Magnesium for Anxiety

Magnesium for Anxiety

You might have seen this article in the Guardian about the latest ‘buzzy supplement’ magnesium.

The buzz comes from Tik Tok with a billion views of people claiming magnesium resolved their anxiety.

Tik Tok fads are concerning for nutritionists and health professionals since they vary from misleading to pointless to dangerous. This one has both a positive and negative potential impact.

The good thing is, magnesium is a nutrient many people will genuinely benefit from (unlike another Tik Tok craze that saw people descending on health stores for Celtic Salt. I mean, it’s probably a nice quality sea salt but it’s just sea salt - not going to resolve your chronic health problems!!).


The problem with magnesium supplements

The bad thing about the Tik Tok magnesium fad? The internet is flooded with rubbish quality magnesium supplements. The Tik Tokker that apparently sparked the craze said they used a super high strength 500mg supplement, and shoppers commonly think high strength = better.

Unfortunately that’s not the case when it comes to magnesium. The reason the countless ‘high strength’ magnesium tablets on Amazon are also the cheapest is because they use Magnesium Oxide.

This compound contains around 80% magnesium, but it’s insoluble and accordingly notorious for causing gastric distress!!

A tablet that causes unpleasantly urgent trips to the loo is likely to worsen your anxiety, and the poor absorption means it’s not effective for promoting calming neurotransmitters.


Better quality magnesium supplements

In contrast to poorly absorbed high strength supplements, our blend of Magnesium Citrate and Magnesium Glycinate - the two best absorbed forms of magnesium - is a gentle, effective low dose that relaxes both mind and muscles.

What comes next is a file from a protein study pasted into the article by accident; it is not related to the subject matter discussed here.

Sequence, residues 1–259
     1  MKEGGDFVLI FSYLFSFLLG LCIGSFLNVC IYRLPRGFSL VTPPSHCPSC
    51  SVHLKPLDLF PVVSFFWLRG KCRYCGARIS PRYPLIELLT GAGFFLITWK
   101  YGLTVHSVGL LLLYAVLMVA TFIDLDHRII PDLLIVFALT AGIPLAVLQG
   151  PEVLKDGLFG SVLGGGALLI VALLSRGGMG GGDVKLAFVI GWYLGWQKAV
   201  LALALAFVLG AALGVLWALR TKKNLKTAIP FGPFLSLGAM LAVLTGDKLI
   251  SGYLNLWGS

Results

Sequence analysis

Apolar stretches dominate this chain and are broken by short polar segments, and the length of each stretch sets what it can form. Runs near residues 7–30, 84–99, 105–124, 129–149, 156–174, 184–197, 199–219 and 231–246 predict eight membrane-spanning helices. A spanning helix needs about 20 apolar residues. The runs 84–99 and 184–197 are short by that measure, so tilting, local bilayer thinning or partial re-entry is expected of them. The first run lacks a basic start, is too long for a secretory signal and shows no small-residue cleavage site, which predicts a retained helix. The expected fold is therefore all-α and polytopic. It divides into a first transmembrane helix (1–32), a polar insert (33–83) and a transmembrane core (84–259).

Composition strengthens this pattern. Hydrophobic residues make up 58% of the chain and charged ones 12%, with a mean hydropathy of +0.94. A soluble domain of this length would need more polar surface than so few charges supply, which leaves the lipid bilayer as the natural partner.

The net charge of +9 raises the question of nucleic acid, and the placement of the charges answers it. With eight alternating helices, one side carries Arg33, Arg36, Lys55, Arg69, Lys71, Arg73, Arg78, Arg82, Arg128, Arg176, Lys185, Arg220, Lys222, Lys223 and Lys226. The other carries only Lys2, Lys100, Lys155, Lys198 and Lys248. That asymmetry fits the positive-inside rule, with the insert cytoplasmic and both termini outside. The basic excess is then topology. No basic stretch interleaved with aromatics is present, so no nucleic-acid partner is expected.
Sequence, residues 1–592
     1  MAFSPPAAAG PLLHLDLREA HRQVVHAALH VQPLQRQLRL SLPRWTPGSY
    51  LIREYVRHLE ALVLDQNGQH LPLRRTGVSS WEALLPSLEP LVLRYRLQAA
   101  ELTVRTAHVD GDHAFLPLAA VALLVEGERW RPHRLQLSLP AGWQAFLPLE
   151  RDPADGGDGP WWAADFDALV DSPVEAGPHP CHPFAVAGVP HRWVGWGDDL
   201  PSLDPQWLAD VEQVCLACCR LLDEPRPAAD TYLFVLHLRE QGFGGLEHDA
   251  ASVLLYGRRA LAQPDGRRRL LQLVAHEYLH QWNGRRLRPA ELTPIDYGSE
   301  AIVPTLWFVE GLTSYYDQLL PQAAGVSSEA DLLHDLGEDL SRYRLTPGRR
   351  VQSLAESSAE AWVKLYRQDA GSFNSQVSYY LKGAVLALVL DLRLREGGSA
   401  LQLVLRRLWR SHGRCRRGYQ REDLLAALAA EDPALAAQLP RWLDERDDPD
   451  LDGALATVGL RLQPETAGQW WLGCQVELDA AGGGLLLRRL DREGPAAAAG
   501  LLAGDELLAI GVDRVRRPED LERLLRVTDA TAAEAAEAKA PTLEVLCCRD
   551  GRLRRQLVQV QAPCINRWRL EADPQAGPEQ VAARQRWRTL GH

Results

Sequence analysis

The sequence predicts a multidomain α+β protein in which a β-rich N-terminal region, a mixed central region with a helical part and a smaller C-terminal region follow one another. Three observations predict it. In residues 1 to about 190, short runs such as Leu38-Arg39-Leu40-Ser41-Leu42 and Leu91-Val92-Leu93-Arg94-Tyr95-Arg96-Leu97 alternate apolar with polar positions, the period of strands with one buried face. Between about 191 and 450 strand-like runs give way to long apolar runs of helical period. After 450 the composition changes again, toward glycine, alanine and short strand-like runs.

Is magnesium effective for reducing anxiety?

The article notes it’s unknown whether magnesium will only benefit those who have a low magnesium status, compared with those with a good magnesium intake.

To that point, note that magnesium intakes are known to be commonly insufficient in the UK.

And magnesium deficiency is associated not only with anxiety but with muscle cramps and spasms, muscular tension and weakness, headaches, migraine, hypertension, type 2 diabetes, osteoporosis, depression, insomnia, and PMS.

So, I encourage everyone to increase their intake through both diet and supplements.

You can easily get started with that today by:
  • Increasing your intake of varied vegetables, especially the green leafy varieties, and whole grains
  • Taking Vital Minerals Magnesium daily


How to take magnesium supplements

We find it wonderful in the evening, to aid relaxation and improve your sleep, or after exercise to speed up muscle recovery and prevent muscle cramps.

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